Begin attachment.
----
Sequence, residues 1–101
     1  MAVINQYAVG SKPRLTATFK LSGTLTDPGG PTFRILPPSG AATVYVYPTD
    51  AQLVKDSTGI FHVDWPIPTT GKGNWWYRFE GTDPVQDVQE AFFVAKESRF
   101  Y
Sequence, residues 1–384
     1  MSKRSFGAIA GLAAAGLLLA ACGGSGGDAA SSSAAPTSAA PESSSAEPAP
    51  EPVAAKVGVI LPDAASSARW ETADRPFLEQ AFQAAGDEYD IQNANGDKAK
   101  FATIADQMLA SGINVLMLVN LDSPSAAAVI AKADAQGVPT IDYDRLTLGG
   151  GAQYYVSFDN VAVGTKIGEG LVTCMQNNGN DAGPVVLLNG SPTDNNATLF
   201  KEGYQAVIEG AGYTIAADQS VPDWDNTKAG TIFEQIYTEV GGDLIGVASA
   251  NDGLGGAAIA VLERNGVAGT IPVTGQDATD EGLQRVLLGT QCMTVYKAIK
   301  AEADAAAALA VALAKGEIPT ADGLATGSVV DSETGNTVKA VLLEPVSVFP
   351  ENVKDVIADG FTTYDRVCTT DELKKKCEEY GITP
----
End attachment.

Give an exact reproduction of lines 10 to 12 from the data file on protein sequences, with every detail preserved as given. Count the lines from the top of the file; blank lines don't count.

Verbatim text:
   201  KEGYQAVIEG AGYTIAADQS VPDWDNTKAG TIFEQIYTEV GGDLIGVASA
   251  NDGLGGAAIA VLERNGVAGT IPVTGQDATD EGLQRVLLGT QCMTVYKAIK
   301  AEADAAAALA VALAKGEIPT ADGLATGSVV DSETGNTVKA VLLEPVSVFP